Promising Aussie company benefits from emphasis on explosive detection

Published 12 January 2006

We like restless, innovative companies, and this Australian company is intellectually restless and innovative company — and what also helps, is that it is in a growing homeland security subfield

As we have noticed in several stories during the past few weeks, the development of innovative and effective explosion detection techniques, and building Explosive Detection Systems (EDS), are moving up on the aviation security agenda of the United States and other countries. The perception of the disaster of 9/11 was that it was brought about by nineteen terrorists armed with box cutters. Therefore, after 9/11, many of the policies and edicts of the Transportation Security Administration (TSA) were aimed to prevent knives and scissors from being carried on board. The installation of impregnable cockpit doors made this preoccupation largely irrelevant, especially in light of the fact that the much more acute danger — that of explosives being loaded into the plane’s baggage compartment — appeared to be low on the agenda of TSA. Security experts and Congress finally prevailed, and TSA has relaxed its emphasis on small knives and scissors and increased dramatically its attention to explosives detection. We should note that it is not only — and perhaps even not primarily — Congress and security experts who pushed for a new emphasis in aviation security. Under the new, capable, and no-nonsense leadership of Edmund “Kip” Hawley, TSA has become a much more energized, focused, and effective agency, with a much greater willingness to set priorities, allocate scarce resources to programs which are the most effective, and concentrate on what is truly important.

TSA’s new emphasis benefits not only U.S. companies. Perth, Australia-based QRSciences (QRS: ASX) (QRSHY: PK), a developer of advanced sensing technologies today announced that the company’s half yearly revenue increased 247 percent over the corresponding period last year — from A$375,000 to approximately A$1,300,000. “Our expectation is that there will be a continued upward trend in revenue growth in the short to mid term, reflecting a very interesting growth stock opportunity for investors,” said QRSciences CEO, Kevin Russeth. Not only will 2006 offer many new opportunities for the company to sell its products (have we already mentioned the shift in TSA’s priorities?), but it will also benefit from contract R&D and consulting, from synergies realized from its investment in San Diego, California-based Spectrum San Diego, and its distribution relationship with Cincinnati, Ohio-based XTEK.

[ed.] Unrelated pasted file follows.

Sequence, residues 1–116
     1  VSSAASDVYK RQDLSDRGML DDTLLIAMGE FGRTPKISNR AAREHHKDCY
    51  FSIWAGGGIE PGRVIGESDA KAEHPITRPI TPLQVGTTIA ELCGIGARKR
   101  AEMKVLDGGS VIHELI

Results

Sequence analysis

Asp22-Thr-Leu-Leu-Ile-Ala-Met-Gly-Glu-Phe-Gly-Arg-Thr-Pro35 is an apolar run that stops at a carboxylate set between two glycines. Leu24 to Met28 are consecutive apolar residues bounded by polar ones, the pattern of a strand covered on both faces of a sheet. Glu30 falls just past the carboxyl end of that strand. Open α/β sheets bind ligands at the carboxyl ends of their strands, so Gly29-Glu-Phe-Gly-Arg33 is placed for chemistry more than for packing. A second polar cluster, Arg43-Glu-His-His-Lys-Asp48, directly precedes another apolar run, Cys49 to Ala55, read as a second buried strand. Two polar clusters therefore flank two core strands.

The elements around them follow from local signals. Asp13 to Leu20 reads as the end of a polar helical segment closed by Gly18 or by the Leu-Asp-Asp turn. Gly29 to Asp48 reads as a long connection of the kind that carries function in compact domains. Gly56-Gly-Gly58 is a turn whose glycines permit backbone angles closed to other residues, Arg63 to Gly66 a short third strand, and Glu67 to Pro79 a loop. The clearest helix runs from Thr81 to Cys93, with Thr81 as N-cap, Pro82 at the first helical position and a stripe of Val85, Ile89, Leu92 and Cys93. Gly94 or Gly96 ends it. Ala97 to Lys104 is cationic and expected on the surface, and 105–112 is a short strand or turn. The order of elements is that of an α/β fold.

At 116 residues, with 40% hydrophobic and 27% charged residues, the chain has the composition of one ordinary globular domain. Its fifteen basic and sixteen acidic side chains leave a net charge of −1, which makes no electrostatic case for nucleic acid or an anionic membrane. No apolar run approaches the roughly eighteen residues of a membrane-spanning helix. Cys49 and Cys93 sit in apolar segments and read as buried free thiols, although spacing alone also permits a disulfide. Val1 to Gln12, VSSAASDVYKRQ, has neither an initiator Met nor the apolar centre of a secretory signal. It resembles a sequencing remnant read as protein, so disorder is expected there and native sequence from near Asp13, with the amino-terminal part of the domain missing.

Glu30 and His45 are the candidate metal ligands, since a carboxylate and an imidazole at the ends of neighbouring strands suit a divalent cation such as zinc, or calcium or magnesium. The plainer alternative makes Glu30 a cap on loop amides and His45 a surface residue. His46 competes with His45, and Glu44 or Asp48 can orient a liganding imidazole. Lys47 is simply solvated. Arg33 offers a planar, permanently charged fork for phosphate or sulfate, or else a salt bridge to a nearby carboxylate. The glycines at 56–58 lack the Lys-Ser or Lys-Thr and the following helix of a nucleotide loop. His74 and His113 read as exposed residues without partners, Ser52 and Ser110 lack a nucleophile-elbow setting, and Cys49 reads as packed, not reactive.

It is a small world: QRSciences has a development and manufacturing partner - the Hawthorne, California-based OSI Systems. OSI System is the developer of Rapiscan.

-read more in the news release; see also Spectrum San Diego’s Web site; XTEK Web site; and OSI Systems Web site; for more on Rapiscan scanner see this product page

Quadrupole Resonance technology

Quadrupole Resonance (QR) technology is related to Magnetic Resonance Imaging (MRI). It is used for explosives, narcotics, and biochemical detection, but may also be used for pharmaceutical quality control, mineral and material assay, lab instrumentation, and other environmental science applications. QR uses radio waves to stimulate atoms such as nitrogen, which is ubiquitous in explosives. The excited atoms re-emit energy, and the wavelength spectrum of that energy is then used to identify the molecule. The company says its technology has already identified some 10,000 different chemical substances.

QR is basically a radio-frequency spectroscopy, that is, it is a phenomenon of resonance RF absorption or emission of electromagnetic energy. We may recall from Physics 101 that the phenomenon results from the interactions between asymmetrically distributed charges of the atomic nucleus, aka quadrupole moment, and the atomic shell electrons, as well as those charges that are outside the atomic radius. Thus, all changes in the quadrupole coupling are constants and QR frequencies are due to their electric origin.

Note that a magnetic field is not required in QR because the electric quadrupole moments of the nuclei are already aligned by the electric field gradients of the surrounding molecules. The process of aligning the electric quadrupole moments of the nuclei also aligns their magnetic moments. If you were ever subjected to a hospital MRI, the first thing that struck you was probably the size and bulkiness of the MRI scanner.The reason is that MRI requires a large uniform magnetic field. The QR technique is much simpler, and it is more sensitive to the structure of the molecule. There are benefits to this added sensitivity: The size and frequency of the signals in both MRI and QR techniques are related to the strength of the aligning field. The size and frequency are increased in MRI by using a bigger magnet. In QR, signal strength and operating frequency are lower. Lower frequencies have the advantage of deeper penetration - but they require a detection system of greater sensitivity. Hence the greater sensitivity of QR to the structure of the molecule.